By Peter Foster, Europe editor
Εuropean leaders will demand that Greece does more to speed up the deportation of illegal migrants back to Turkey amid reports of foot-dragging by Greek authorities in implementing the EU-Turkey deal on migration.
The calls for action from Greece are made in draft of the conclusions for this week’s European Council meeting in Brussels seen by The Daily Telegraph.
The draft calls for “further efforts to accelerate returns from the Greek Islands to Turkey” and a major drive to enhance the “efficiency and speed of appeals” of migrants who had claimed asylum in Greece’s Aegean Islands.
The draft communique also calls other EU states to step up support for Greece which now hosts over 50,000 migrants, some 14,500 in increasingly squalid holding camps on the Greek islands where there were riots earlier this year.
Under the terms of the EU-Turkey deal brokered by Angela Merkel, the German chancellor, Turkey is to receive cash support of up to €6bn and the promise of visa-free travel for Turkish businessmen and tourists in return for stemming the flows of refugees.
Ahead of Thursday’s meeting of EU leaders, Jean-Claude Juncker, the European Commission hailed the achievements of the deal, confirming that some €467m had already been handed to the UN and other partners to provide healthcare, schooling and debit cards to refugees.
However Mr Juncker’s rosy portrayal of the EU’s largest-ever humanitarian aid programme has been challenged by NGOs and the European Stability Initiative, a Brussels-based think-tank, which accused him of glossing over the failings of deal.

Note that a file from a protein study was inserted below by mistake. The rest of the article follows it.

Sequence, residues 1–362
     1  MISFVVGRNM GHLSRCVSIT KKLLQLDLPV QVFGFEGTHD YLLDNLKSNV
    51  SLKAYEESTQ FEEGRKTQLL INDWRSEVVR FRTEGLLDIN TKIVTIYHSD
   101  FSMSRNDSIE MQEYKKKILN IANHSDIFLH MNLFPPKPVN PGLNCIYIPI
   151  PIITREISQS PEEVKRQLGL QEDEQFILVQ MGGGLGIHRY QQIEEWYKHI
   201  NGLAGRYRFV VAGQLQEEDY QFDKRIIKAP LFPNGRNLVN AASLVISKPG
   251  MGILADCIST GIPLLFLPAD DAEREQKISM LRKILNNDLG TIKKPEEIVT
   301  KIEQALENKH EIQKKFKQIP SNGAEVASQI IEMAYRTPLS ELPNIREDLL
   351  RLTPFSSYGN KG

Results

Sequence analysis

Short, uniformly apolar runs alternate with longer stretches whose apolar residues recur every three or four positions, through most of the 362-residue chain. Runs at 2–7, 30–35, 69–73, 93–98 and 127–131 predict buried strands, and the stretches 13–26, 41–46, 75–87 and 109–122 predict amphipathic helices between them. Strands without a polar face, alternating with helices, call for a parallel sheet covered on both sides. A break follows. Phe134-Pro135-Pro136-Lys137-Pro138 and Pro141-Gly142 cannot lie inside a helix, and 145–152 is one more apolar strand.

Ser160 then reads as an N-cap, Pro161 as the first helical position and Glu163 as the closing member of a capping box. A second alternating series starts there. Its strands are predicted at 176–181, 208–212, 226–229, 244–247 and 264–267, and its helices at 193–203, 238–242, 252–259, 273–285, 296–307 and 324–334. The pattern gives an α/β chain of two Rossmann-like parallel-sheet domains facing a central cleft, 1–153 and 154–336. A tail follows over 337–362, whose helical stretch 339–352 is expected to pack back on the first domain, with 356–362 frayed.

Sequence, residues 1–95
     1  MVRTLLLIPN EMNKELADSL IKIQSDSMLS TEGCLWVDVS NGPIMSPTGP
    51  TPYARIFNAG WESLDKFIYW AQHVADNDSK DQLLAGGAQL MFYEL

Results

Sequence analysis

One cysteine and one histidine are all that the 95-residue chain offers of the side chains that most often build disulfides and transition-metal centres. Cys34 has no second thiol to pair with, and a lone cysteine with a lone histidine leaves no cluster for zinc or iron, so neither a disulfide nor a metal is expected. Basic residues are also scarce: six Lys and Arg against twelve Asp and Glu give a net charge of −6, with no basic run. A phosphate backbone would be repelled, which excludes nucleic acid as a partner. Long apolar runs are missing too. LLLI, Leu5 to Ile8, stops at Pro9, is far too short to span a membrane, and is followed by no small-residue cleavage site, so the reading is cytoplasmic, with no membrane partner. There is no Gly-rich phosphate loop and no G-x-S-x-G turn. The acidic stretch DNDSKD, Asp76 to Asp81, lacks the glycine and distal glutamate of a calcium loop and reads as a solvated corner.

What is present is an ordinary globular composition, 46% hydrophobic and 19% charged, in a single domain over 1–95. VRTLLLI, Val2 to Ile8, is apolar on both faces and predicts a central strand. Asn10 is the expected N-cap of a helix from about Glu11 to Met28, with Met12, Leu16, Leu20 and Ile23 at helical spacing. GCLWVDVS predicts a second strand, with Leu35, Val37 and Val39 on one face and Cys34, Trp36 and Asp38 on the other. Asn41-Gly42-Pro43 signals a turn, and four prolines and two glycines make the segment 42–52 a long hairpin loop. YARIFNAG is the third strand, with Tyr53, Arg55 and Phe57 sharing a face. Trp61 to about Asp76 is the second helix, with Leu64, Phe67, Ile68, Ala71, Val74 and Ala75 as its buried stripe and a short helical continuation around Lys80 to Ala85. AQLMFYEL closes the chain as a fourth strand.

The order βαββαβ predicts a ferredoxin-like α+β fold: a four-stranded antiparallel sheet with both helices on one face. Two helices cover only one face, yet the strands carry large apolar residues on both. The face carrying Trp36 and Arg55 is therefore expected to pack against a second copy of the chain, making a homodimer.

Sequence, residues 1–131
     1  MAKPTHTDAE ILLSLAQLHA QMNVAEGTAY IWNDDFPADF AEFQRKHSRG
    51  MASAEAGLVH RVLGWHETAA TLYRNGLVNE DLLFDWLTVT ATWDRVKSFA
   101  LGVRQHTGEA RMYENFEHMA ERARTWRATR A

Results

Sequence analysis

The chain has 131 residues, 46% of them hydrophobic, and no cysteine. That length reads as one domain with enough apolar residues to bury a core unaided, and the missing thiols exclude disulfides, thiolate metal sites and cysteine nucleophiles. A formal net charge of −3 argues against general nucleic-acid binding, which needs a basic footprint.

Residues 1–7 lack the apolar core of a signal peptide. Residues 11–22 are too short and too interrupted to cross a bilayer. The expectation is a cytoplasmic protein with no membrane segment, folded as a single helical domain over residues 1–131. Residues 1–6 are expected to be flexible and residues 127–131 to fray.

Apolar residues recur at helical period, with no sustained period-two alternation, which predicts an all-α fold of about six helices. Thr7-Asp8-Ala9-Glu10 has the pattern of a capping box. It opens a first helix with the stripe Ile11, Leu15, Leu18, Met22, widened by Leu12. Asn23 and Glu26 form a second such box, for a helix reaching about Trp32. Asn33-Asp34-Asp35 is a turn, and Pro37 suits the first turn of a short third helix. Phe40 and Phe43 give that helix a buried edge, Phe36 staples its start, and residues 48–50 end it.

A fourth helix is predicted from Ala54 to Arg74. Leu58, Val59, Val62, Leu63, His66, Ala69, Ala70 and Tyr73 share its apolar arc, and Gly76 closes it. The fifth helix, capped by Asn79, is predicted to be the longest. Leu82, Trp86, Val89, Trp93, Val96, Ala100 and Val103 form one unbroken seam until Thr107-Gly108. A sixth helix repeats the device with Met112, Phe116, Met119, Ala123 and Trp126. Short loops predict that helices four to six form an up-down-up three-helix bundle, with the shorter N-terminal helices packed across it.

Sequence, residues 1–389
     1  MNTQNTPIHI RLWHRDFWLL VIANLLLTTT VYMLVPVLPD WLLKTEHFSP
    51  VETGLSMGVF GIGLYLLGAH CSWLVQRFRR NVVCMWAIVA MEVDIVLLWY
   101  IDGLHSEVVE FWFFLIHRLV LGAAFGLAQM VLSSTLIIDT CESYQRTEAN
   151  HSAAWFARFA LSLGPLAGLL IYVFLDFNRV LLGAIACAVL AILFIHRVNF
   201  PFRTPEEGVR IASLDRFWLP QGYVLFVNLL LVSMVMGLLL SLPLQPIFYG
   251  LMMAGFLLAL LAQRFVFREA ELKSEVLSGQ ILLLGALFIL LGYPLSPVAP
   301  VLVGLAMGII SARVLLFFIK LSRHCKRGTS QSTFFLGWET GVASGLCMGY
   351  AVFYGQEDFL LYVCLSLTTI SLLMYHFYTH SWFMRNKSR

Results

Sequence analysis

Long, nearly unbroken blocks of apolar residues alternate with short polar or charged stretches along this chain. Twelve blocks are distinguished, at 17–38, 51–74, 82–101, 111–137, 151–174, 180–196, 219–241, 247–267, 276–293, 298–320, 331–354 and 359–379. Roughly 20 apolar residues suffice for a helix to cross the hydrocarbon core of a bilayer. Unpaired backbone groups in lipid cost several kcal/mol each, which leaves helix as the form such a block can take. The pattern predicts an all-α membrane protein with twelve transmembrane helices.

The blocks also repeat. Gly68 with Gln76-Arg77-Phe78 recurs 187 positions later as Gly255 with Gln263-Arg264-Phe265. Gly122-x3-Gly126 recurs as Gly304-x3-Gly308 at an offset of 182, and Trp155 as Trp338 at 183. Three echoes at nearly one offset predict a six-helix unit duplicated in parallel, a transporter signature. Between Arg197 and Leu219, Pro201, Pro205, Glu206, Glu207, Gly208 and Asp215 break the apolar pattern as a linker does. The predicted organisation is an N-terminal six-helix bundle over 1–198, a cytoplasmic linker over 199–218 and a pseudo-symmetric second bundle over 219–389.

Describing the deal as “fragile” a report by the ESI earlier month warned that the implementation of the deal was falling “dramatically short” of what was necessary.
Even though numbers have fallen dramatically compared to last year, refugees are still arriving on the islands at a rate of 3,000 a month, with only around 110 per month were being sent back because of legal problems and lack of staff.
The EU originally called for member states to send 400 officials to help process asylum cases, but at present only 74 had been provided, said Alexandra Stiglmayer, a senior analyst at ESI, which is calling for a foreign-minister level official to be put in charge of revamping the programme.
“The EU is not really ringing the alarm bell,” she added, “Member states think that nothing is going wrong because refugees are not piling up on their borders, but the system is in crisis.”
Regional analysts are sceptical, however, that much will change given the sharp fall in numbers from a year ago when refugees poured into the Greek Islands at a peak rate of 200,000 a month.
“While this is creating a cosmetic problem for the EU, it is a much bigger political and operational problem for Greece, but certainly won’t call into question the agreement itself,” said Mujtaba Rahman, managing director for Europe at the Eurasia Group, a risk consultancy.
“The EU-Turkey deal isn’t going anywhere. Despite all the noise and bluster, the Turkish government is happy with the concessions they have and will extract from the EU, and the EU believes the agreement has helped bring down refugee numbers.”
The meeting of EU heads of state this Thursday and Friday – the first to be attended by Theresa May as Prime Minister – will also focus on EU trade deals, Russia’s role in the Syria conflict and plans to strike similar refugees with African countries in a bid to stem flows from the continent.